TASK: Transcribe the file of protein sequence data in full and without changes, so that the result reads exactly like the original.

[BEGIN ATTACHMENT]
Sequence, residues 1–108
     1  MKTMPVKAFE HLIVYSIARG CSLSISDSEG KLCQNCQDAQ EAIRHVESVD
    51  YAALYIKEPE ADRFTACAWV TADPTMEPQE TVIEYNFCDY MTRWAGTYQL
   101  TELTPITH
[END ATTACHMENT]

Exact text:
Sequence, residues 1–108
     1  MKTMPVKAFE HLIVYSIARG CSLSISDSEG KLCQNCQDAQ EAIRHVESVD
    51  YAALYIKEPE ADRFTACAWV TADPTMEPQE TVIEYNFCDY MTRWAGTYQL
   101  TELTPITH